Soil physical change and sugarcane stalk yield induced by cover crop and soil tillage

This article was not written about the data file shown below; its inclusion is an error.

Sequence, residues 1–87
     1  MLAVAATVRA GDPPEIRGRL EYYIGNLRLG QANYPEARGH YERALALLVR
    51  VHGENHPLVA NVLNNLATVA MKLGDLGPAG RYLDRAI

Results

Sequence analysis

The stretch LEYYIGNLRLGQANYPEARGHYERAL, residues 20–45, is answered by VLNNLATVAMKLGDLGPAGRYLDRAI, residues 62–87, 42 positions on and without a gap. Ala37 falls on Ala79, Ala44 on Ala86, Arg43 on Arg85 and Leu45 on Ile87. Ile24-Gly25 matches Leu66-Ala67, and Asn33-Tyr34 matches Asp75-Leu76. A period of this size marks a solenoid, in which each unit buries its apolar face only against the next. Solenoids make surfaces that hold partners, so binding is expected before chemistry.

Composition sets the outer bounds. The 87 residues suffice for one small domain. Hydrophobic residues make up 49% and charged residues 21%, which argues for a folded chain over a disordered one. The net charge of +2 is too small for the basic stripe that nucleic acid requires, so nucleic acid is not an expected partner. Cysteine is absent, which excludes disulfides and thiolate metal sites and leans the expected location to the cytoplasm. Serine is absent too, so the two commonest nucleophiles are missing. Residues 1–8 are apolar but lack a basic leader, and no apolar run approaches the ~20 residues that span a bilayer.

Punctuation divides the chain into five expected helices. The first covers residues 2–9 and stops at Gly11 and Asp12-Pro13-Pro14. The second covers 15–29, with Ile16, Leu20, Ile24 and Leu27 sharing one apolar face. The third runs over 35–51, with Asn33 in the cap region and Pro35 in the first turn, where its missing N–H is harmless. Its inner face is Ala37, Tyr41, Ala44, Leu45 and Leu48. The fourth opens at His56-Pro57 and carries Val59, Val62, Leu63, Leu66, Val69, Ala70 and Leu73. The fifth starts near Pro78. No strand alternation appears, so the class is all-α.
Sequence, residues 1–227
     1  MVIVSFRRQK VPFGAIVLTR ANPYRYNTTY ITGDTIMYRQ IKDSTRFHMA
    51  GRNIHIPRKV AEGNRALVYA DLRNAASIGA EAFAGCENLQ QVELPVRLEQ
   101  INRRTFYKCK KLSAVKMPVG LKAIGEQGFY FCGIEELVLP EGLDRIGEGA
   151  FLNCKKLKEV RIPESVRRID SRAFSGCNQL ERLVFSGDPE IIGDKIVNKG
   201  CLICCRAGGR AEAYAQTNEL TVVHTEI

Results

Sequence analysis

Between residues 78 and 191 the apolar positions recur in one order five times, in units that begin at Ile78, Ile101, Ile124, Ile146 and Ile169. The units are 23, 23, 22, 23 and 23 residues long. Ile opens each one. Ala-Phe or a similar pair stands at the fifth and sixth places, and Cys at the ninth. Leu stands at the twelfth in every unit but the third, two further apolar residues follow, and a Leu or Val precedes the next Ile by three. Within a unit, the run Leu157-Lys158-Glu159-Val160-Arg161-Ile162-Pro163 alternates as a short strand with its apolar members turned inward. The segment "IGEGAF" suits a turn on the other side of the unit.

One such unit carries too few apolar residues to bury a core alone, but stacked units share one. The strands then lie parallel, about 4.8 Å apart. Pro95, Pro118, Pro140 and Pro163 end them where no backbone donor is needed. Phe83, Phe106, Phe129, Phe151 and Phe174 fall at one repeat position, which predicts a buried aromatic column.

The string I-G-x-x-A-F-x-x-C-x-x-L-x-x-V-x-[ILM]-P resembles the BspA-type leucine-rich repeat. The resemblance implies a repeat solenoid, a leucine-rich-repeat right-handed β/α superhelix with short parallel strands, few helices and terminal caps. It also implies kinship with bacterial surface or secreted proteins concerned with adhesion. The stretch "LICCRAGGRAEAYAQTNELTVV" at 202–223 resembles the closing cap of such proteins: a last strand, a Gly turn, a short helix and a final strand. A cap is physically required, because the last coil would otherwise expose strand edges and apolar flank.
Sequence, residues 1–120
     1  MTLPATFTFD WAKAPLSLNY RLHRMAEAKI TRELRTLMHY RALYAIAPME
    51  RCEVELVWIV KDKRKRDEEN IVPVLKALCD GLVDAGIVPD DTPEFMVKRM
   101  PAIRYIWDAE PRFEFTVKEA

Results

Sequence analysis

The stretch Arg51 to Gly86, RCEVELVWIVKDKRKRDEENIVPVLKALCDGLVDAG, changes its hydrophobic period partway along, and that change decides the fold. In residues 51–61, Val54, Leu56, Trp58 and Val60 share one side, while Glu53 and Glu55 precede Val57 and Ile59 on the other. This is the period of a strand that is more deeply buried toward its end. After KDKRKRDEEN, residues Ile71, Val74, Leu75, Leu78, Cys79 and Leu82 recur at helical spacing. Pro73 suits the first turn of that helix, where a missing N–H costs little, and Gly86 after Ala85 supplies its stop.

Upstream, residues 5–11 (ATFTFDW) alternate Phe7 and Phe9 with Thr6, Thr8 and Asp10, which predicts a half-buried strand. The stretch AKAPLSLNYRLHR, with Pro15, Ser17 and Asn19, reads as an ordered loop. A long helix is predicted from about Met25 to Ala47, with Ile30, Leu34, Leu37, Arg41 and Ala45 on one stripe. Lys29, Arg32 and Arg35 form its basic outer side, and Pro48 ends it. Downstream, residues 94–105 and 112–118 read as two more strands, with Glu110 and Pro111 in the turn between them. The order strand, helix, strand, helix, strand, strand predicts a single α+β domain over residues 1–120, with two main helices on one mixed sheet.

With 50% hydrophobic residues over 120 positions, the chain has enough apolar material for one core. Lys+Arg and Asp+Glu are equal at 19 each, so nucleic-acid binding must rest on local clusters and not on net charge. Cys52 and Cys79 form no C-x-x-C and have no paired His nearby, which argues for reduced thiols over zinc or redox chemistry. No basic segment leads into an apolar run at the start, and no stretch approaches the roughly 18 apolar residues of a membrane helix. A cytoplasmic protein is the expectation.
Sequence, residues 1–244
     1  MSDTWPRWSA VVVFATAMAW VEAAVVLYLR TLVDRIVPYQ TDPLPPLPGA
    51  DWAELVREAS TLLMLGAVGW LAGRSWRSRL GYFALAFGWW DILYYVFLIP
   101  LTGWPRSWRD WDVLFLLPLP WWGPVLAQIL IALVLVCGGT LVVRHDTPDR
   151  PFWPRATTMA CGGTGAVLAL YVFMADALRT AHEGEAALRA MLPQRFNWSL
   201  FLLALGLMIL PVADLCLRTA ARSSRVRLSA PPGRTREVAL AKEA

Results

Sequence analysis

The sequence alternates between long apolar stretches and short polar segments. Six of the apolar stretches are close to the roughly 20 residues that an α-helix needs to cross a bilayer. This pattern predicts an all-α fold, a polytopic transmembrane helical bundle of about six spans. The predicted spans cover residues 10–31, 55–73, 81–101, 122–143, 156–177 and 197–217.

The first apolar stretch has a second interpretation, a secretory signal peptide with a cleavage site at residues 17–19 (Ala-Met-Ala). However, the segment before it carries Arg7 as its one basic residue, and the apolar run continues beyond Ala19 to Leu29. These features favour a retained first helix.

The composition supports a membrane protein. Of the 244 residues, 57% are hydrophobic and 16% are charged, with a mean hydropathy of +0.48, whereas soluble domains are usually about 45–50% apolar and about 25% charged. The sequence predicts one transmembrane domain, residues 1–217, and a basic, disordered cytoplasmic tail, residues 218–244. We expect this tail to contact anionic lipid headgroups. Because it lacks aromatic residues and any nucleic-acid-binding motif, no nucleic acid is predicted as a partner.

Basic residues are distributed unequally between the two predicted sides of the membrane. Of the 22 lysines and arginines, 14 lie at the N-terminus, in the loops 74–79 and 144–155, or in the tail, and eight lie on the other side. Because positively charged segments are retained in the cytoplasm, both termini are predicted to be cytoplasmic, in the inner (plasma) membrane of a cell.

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Conventional tillage and intensive machinery traffic are the major causes of physical soil degradation in sugarcane fields. This study evaluates the impact of adopting conservation management practices during sugarcane planting on soil physical properties and stalk yield of sugarcane in the municipality of Ibitinga, state of São Paulo, Brazil. The experimental design (split-block) included four cover crops and three soil tillage systems, with three repetitions. For comparison purposes, a control treatment was also included (without cover crop and under conventional tillage). Sampling for soil physical analysis was performed in three layers that coincide with soil horizons A (0.00-0.20 m), AB (0.20-0.30 m), and Bt (0.30-0.70 m), during cane-plant and first sugarcane ratoon cycles. The results showed that cultivation of sunn hemp associated with deep subsoiling induced high stalk yield of sugarcane in both production cycles, cane plant (116 Mg ha-1) and first ratoon (114 Mg ha-1), with a net gain of 11 and 9 Mg ha-1 compared with the control treatment, respectively. However, these results were not sufficient to induce significant differences in sugarcane yield. Nonetheless, the use of sunn hemp and millet, associated with subsoiling (at 0.40 or 0.70 m depth) during sugarcane planting, are promising management strategies to sustain better soil’s physical quality when compared to traditional management, conventional soil tillage without cover crops and/or cash crop, as peanuts, that increase the risks of soil compaction and physical degradation.